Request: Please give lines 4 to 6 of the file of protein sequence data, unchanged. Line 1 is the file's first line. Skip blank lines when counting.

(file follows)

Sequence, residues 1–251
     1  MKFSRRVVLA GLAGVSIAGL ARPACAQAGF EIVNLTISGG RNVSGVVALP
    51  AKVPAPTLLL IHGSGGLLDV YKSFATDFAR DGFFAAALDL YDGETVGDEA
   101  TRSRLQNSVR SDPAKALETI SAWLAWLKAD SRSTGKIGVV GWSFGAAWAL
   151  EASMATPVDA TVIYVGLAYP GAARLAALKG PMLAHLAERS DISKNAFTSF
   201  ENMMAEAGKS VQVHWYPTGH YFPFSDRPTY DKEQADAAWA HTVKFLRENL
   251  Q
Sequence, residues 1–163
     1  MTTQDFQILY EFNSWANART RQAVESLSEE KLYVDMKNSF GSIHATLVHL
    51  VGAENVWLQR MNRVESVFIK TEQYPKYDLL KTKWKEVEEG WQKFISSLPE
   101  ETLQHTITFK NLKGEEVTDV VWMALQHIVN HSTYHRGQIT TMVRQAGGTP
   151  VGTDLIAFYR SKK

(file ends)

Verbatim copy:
   101  TRSRLQNSVR SDPAKALETI SAWLAWLKAD SRSTGKIGVV GWSFGAAWAL
   151  EASMATPVDA TVIYVGLAYP GAARLAALKG PMLAHLAERS DISKNAFTSF
   201  ENMMAEAGKS VQVHWYPTGH YFPFSDRPTY DKEQADAAWA HTVKFLRENL